Painting depicting the myth of Hercules and the Lernaean Hydra.

Chronology: 580 - 550 B.C.
Inventory no: KN 6
Exhibition Area: Corinth, a powerful city-state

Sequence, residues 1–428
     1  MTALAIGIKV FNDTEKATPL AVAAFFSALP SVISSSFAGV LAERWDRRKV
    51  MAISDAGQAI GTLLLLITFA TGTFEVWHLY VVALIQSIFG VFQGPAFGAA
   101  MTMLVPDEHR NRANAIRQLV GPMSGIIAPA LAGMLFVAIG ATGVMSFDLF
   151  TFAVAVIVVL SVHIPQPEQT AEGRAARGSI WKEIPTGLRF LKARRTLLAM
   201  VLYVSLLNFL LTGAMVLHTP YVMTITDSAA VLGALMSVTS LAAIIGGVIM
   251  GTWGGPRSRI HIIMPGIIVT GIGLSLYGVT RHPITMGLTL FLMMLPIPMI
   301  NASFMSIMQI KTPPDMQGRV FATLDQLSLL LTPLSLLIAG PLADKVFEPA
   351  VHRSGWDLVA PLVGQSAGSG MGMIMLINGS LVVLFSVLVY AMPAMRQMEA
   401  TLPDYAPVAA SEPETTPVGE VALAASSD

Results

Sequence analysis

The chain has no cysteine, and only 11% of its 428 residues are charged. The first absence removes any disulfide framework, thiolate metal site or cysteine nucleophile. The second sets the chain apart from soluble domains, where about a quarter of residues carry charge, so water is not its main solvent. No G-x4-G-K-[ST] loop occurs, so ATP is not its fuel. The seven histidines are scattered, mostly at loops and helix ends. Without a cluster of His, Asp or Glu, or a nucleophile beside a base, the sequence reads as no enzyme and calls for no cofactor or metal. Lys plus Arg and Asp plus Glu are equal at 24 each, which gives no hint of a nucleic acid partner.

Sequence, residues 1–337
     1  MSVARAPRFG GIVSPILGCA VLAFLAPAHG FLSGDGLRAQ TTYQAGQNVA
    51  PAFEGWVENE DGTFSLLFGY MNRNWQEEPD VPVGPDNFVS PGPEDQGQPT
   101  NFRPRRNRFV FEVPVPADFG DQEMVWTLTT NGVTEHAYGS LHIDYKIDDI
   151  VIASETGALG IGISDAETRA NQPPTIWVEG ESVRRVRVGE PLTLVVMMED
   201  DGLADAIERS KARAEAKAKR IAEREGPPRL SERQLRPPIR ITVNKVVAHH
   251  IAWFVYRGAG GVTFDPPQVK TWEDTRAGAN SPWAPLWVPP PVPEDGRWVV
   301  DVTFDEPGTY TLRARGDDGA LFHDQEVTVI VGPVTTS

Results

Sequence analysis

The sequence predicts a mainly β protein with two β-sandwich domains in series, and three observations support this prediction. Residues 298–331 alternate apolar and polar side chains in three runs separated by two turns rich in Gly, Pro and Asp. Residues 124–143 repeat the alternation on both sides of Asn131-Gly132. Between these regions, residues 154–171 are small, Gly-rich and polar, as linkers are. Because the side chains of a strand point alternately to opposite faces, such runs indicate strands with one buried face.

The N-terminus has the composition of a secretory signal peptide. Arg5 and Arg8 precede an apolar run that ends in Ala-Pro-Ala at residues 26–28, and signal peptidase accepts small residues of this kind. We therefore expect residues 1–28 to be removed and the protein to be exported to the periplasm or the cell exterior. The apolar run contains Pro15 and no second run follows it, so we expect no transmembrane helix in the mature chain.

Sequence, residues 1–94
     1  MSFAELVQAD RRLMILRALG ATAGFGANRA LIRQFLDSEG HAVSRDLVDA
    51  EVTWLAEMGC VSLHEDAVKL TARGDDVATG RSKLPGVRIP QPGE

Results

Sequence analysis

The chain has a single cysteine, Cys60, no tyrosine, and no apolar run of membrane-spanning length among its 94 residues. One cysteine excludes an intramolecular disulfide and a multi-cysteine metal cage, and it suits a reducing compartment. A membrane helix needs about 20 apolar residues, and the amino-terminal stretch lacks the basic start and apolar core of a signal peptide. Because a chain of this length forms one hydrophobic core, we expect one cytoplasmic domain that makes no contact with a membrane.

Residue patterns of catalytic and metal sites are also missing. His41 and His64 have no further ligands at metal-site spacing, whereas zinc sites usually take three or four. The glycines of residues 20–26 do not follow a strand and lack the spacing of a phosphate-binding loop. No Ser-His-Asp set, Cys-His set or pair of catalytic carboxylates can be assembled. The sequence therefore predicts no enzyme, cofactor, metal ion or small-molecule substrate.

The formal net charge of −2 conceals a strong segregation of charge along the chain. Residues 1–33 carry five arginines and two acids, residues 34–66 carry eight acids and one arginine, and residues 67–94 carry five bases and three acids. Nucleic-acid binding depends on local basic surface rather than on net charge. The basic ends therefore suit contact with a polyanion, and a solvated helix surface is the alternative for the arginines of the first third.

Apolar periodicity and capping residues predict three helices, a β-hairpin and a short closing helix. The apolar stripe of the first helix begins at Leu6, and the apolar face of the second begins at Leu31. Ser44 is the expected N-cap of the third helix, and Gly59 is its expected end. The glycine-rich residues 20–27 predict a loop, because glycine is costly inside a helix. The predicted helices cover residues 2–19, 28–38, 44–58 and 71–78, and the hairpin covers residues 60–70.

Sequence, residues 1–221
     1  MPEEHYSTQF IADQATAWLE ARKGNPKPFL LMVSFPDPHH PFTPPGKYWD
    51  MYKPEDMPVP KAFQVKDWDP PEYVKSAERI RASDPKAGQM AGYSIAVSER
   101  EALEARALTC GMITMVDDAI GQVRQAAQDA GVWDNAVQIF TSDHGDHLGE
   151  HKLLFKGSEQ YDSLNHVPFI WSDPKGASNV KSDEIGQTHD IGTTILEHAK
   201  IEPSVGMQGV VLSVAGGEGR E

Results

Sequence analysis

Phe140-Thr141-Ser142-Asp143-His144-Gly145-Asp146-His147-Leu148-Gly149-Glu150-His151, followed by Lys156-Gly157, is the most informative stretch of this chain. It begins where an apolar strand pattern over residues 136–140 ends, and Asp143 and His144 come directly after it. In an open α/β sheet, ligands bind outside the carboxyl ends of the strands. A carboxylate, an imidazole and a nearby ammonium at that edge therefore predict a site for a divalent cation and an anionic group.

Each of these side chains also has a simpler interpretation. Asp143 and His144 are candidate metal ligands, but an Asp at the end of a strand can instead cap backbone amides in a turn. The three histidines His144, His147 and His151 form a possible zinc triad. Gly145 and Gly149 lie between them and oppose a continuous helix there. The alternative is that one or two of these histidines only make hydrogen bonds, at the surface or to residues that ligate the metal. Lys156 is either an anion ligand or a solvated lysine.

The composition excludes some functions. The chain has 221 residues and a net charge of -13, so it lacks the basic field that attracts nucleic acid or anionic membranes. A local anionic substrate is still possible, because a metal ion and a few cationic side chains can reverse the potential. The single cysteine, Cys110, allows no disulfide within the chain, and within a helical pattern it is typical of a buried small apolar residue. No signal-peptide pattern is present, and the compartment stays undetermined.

This painting depicts Hercules’ second labour, the killing of the Lernaean Hydra. The painting, although fragmentary, impresses with its degree of detail, extensive use of inscription and excellent quality dyes. The Lernaean Hydra was an immortal beast with seven or nine heads, which lived in the area of Lerna – a swampland south of Argos – from which it got its name. According to the legend, when Hercules cut one of its heads off, two more would sprout in its place. The only way to stop their increasing number was to burn them with fire, which he achieved with the help of his nephew Iolaus. The final head, which was immortal, Hercules cut off and buried in the earth to keep it from coming back to life. Hercules then dipped his arrow tips in the Hydra’s blood to make them poisonous.